By now, most people are familiar with Rosie the Riveter, the symbol representing the legions of women who filed into the workplace during World War II to take over the jobs of men sent overseas. Often, they were working to aid the war effort.
But in Kalamazoo’s legendary Gibson Guitar factory, dozens of female employees were secretly crafting musical instruments instead: The company denied it was manufacturing guitars during the early 1940s, although it somehow shipped 25,000 of them during that time period. Incredibly, despite photographic evidence and documentation, Gibson executives still maintain a code of silence about the “Gibson Girls” nearly 75 years later.
These phantom figures are given human faces and credible backstories in Cara Beth Heath’s “Good Enough,” inspired by John Thomas’ book “Kalamazoo Girls” and presented by Bare Backstage Productions and Metallic Mannequin Company.
It’s immersive theater, since director Kevin Dodd has transformed Crawlspace Eviction’s cozy performance space in the Park Trades Building into three areas in the Gibson factory: the string room, where most of the women work; the break room, where they swap gossip and wisecracks; and the basement, where the most dedicated guitar maker, Mary Jane (Bekah Mitton), spends hours lovingly crafting the bodies for the instruments.
“People out there need something to hold on to,” Mary Jane says of her creations, and she’s frequently infuriated by the higher-ups’ willingness to compromise on quality by substituting substandard materials.
Mary Jane uses the job as a much-needed distraction from a miserable home life with a drunken husband and her unfulfilling after-work romps with the town’s “4-Fs,” the men rejected by the draft board for one reason or another. Her co-workers are no less eager to forget their troubles. Jittery Helen (Michelle Ringle-Barrett) is trying, not very successfully, to hide a secret. Jenny (Sarah Kolber) makes a show of her gift for coiling the guitar strings without bending them. Irene (MerryRose Howley) is outwardly concerned about her missing-in-action fiancé, although she confesses he’s been away so long “I forget that he’s real.” Recently hired June (Sarah Quigley) strikes some discordant notes with her hard-boiled attitude and her insistence on wearing pants (a fashion choice that verged on the scandalous in 1944).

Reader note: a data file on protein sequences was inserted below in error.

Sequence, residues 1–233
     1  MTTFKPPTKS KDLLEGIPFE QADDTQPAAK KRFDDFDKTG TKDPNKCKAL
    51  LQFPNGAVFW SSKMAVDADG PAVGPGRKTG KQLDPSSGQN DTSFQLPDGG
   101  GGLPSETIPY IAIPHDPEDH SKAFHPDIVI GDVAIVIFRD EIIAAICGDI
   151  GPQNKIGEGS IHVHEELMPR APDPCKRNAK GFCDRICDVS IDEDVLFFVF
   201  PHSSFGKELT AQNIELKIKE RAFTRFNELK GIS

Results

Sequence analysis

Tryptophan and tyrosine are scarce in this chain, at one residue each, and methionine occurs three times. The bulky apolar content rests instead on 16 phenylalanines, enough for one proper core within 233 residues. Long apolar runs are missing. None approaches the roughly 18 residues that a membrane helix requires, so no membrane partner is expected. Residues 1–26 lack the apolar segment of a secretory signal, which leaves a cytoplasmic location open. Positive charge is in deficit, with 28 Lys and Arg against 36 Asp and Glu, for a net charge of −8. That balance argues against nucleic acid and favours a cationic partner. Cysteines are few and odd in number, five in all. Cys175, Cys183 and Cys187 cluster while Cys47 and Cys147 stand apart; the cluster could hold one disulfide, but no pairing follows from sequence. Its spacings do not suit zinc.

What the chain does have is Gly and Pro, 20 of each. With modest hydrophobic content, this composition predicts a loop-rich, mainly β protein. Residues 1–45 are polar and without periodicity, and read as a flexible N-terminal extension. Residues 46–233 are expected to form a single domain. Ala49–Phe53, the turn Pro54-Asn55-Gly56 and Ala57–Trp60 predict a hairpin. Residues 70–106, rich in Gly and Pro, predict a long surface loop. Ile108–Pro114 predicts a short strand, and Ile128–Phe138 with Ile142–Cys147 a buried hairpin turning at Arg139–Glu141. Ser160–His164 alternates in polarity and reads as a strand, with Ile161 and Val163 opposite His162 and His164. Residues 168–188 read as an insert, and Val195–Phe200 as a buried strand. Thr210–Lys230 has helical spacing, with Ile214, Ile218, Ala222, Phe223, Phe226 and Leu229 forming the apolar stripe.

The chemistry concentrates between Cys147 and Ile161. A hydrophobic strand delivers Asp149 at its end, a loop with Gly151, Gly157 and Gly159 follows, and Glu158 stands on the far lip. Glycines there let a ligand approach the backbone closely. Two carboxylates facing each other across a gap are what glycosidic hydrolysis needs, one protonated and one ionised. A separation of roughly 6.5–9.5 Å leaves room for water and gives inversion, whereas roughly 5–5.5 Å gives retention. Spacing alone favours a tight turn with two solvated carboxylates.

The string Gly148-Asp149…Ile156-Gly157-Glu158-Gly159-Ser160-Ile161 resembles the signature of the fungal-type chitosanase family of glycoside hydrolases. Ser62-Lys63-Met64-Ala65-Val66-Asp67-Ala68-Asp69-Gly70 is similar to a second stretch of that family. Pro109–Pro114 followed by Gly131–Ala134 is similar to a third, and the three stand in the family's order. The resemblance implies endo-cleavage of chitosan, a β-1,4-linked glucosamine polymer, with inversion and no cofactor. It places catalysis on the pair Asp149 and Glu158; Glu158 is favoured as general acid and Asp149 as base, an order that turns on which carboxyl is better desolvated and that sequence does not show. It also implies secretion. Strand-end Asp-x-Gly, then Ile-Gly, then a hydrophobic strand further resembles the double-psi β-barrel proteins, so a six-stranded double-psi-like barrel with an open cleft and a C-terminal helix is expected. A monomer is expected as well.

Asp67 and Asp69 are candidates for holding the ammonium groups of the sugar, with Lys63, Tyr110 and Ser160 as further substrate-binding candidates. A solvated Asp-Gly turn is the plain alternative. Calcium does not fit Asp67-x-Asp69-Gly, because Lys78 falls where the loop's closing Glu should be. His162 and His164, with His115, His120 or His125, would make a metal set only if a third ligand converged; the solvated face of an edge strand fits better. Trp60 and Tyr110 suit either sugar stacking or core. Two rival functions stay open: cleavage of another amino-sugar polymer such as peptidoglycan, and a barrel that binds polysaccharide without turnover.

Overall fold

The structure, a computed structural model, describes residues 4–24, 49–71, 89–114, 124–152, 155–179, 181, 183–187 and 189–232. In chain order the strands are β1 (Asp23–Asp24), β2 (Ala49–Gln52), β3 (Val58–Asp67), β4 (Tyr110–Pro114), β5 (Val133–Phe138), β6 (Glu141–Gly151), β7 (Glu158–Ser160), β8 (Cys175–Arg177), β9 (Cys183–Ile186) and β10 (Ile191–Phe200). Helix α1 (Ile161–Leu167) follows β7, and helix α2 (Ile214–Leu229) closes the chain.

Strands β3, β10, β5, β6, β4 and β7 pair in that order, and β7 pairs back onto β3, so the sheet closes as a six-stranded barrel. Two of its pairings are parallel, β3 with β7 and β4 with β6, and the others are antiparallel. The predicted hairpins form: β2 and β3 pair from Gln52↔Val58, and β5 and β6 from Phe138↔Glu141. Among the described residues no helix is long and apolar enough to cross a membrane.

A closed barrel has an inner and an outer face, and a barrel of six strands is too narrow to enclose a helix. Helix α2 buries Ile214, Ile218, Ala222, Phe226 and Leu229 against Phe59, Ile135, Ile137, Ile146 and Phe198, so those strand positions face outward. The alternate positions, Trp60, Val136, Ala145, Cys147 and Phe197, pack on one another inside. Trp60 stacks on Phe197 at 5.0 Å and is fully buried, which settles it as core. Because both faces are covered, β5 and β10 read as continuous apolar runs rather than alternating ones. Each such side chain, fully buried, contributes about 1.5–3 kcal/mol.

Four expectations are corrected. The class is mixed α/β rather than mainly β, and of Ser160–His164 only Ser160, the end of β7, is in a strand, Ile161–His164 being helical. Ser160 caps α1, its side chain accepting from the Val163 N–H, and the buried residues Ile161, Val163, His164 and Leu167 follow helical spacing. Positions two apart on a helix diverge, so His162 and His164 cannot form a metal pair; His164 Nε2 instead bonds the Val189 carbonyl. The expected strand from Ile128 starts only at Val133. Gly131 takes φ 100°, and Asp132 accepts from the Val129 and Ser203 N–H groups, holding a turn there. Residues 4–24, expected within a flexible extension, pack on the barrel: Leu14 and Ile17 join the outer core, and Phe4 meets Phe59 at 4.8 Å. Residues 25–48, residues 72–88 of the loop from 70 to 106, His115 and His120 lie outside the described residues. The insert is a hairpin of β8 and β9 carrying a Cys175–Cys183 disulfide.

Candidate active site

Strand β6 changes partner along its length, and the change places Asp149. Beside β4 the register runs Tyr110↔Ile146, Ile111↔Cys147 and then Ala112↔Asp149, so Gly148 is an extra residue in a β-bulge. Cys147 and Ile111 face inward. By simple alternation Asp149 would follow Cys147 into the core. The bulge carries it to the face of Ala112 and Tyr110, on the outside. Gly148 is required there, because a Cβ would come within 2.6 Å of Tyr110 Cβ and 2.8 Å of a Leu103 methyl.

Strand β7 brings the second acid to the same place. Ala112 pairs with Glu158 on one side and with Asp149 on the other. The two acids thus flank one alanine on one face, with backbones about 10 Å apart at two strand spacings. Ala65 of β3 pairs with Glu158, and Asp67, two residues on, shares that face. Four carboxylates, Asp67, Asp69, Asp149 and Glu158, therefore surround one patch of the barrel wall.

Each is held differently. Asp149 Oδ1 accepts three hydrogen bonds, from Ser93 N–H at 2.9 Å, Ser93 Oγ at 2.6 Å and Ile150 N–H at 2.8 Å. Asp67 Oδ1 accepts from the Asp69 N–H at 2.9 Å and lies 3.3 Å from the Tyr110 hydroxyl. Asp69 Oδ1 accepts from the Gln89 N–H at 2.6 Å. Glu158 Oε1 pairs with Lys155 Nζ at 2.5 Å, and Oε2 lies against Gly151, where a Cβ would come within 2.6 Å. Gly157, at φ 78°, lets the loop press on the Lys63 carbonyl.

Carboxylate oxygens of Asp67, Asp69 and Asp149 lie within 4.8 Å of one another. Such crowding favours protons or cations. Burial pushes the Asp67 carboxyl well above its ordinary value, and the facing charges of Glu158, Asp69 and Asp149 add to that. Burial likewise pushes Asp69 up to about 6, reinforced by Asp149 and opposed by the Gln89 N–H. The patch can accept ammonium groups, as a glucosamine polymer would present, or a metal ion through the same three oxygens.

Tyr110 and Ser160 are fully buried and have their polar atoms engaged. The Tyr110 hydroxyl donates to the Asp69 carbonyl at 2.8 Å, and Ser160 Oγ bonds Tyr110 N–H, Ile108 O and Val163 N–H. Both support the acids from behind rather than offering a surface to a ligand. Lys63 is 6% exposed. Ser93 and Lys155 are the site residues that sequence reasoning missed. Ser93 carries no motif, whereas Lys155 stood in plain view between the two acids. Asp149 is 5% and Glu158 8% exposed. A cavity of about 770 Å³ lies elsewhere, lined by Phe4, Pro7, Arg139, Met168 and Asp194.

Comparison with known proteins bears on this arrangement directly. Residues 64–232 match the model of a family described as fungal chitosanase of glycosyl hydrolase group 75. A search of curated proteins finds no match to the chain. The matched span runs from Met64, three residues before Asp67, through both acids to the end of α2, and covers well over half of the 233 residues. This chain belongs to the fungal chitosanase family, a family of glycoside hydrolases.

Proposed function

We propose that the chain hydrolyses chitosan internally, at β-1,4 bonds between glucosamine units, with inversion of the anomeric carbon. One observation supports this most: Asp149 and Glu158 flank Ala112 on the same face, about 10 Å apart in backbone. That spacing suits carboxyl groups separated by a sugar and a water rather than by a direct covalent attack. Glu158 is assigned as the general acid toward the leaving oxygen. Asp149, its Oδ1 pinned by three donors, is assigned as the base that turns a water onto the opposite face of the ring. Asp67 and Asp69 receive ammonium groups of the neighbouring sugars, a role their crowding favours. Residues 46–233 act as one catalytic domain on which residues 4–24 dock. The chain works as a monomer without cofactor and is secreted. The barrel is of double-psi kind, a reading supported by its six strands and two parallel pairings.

Presiding over the crew is haughty executive secretary Gladys (Sarah Maclean), who routinely sweeps through the factory like a storm queen, clutching a clipboard to her chest as if it were a shield. When Mary Jane balks at being reassigned, Gladys mocks her craftsmanship: “It’s not exactly art – it looks like gluing two pieces of wood together. Schoolchildren could do it.” Unsurprisingly, when Mary Jane challenges Gladys to help assemble a guitar body, Gladys botches the task spectacularly.
Heath weaves the various story strands into a poignant piece that smoothly balances pathos and humor (particularly when Helen’s feathers are ruffled by June’s skepticism about cowboy singing star Gene Autry’s recent visit to the factory).
In contrast to many of the movies made about homefront life in the days leading up to Victory in Europe Day, “Good Enough” pointedly shows the war-weariness that had diluted some people’s patriotic fervor by 1944. When Gladys proclaims Gibson will begin manufacturing radar boards instead of guitars, some of the women gripe about the changes and wonder what the future holds in store for them once the war is over and scores of veterans come back.
The play’s most notable flaw is its brevity: Less than 90 minutes is not enough time to give each of these characters the attention and dimension they deserve. Hopefully, Heath is planning on expanding “Good Enough” from one act to two to allow herself to give each intriguing personality a little more room to breathe.
Mary Jane spends the most time in the spotlight, and Mitton is first-rate, packing a potent combination of pride and wounded wistfulness into her monologues about the guitars she slaves over. Howley makes Irene’s girlish uncertainty about her place in the world quietly tragic, and Quigley is suitably snappy and sassy as June, who seems to have been born about 20 years before her time. Maclean has few peers when it comes to playing emotionally guarded, no-nonsense types who are dangerously close to their breaking points, and Gladys evolves subtly and strikingly from a strutting, self-satisfied priss into an anxious woman working overtime to keep her act together.
Dodd makes excellent use of the theater’s wide playing space, occasionally cutting back and forth between action on either side to create a sort of theatrical split-screen. The only noticeable problem on opening night was a sound system that buzzed and hummed whenever the lighting was adjusted. But the material and the sturdy ensemble work easily drowned out those sour sounds.